Use a journey management plan to increase driving safety and cut unneeded vehicle costs.
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A journey management plan is a document used to minimize the safety hazards when an employee is driving. And it does so through two main processes: removal of unnecessary driving and managing risks of necessary driving.
Journey management plans are mainly used in businesses that transport many goods like logistics, oil and gas, and mining. For example, Shell uses journey management planning to safely haul oil from offshore oil rigs to the required location. It can also be used to have a safe journey towards long-drive destinations during business trips and vacations.
There are many benefits in using a journey management plan, but we will only focus on four main benefits. The information below is referenced from a journey management plan sample of the Infrastructure Health and Safety Association (IHSA) of Ontario and Energy Safety Canada.
Since a journey management plan aims to reduce hazards when driving, its primary effect is a reduced number of incidents like crashes or personnel injuries. This has many implications.
The first one is the reduced expenses to compensate for injuries, damaged properties, legal procedures, environmental costs, and insurance premiums. The second effect is a healthier and less stressful workplace since there are lower risks.
In the journey management plan sample, employers have the responsibility to educate their employees about all of the possible driving hazards and risks as well as the legal driving requirements mandated by the government. It also includes training them to assess those hazards and create plans to minimize the risks.
In effect, the training for journey management will mold workers to become more responsible and more aware of their duties and their essential role in driving safely.
Since the journey management plan aims to reduce driving as much as possible, this will significantly reduce driving costs such as fuel consumption, meals, and accommodations. It also lowers the vehicle operational expenses such as purchasing costs, maintenance costs, and insurance policies.
Less driving and fewer vehicles also equate to less carbon emission produced by a company. And lower carbon emissions can help in acquiring green certifications and good publicity.
Frequent driving takes away a lot of time and energy from the workers who should have been given to do better work endeavors, consequently lowering work productivity. Since driving is significantly reduced when following a journey management plan, workers now have more time and energy to do more work.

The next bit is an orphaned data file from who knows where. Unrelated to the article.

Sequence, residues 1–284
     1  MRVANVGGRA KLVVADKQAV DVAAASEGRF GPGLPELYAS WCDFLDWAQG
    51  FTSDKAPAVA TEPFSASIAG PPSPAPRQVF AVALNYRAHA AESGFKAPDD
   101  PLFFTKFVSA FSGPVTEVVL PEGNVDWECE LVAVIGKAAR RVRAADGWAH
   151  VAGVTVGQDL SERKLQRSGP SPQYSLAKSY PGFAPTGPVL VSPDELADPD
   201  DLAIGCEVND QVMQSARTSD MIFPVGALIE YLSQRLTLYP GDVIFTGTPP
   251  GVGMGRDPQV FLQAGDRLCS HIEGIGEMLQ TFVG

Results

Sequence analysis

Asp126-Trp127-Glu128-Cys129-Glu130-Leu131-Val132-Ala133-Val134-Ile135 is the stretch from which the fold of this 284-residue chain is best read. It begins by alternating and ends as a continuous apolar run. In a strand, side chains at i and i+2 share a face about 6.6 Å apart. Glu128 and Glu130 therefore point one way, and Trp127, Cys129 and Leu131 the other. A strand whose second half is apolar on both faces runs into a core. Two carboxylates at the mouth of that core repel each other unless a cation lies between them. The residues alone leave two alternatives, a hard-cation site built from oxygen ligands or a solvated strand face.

A compelling journey management plan procedure removes driving and provides a meticulous risk analysis of all the necessary driving. And it follows four main aspects of consideration. The information below is referenced from the Infrastructure Health and Safety Association (IHSA) of Ontario and Energy Safety Canada.
The first step in making an effective journey management plan is to remove all unnecessary driving for work.
One of the most effective ways to do it is to create a work-from-home policy. To effectively work, it might be necessary to work with the human resource department to pinpoint which employees can thoroughly do their work even while at home.
Another way to lessen driving is to meet clients through virtual means like video conferences and online meetings. Not only will this remove driving, but it also eliminates travel time, meals, and accommodation expenses.
If travel can’t be avoided, look for alternative ways to reach your destination without driving. One of the best alternatives is using public transportation like buses and trains. Although it can be crowded at times, it’s still fast, reliable, and cheap.
If the destination is close by, walking or using a bicycle is an excellent alternative way. It’s carbon emission-free, zero-cost, and beneficial to the body.
For very far destinations, the best alternative way is to ride an airplane. It’s faster and saves you a lot of energy and effort as compared to driving.
If driving is essential, for example, to deliver large goods that can’t be transported through public transportation, then it’s time to include risk analysis on the journey management plan form.
The first step in risk analysis is to identify all possible risks. To do so, check the route if you’ve already driven through it. If not, consult a workmate that has and ask them if there are potential hazards along the way.
Then, check the weather forecast for the departure date and assess whether the route has hidden hazards once the weather changes.
After identifying the hazards, the next step is to assess how to mitigate each risk. Does the driver need additional tools or training? Does the vehicle or some of its parts need to be changed? Does the route need to be changed?
After careful analysis, it’s time to finalize and document the trip plan. Below is the list of essential information that needs to be in the trip plan:
Journeys are part of everyday business. Proactive and efficient management not only saves costs and time but also protects and unburdens employees. It has been shown that it is also worth switching to a digital application in journey management. This could streamline data entry and documentation, and all employees always have immediate access to the same information.
A digital solution like Lumiform offers companies many advantages in managing forms and analyzing data. With the mobile app and desktop software, you can: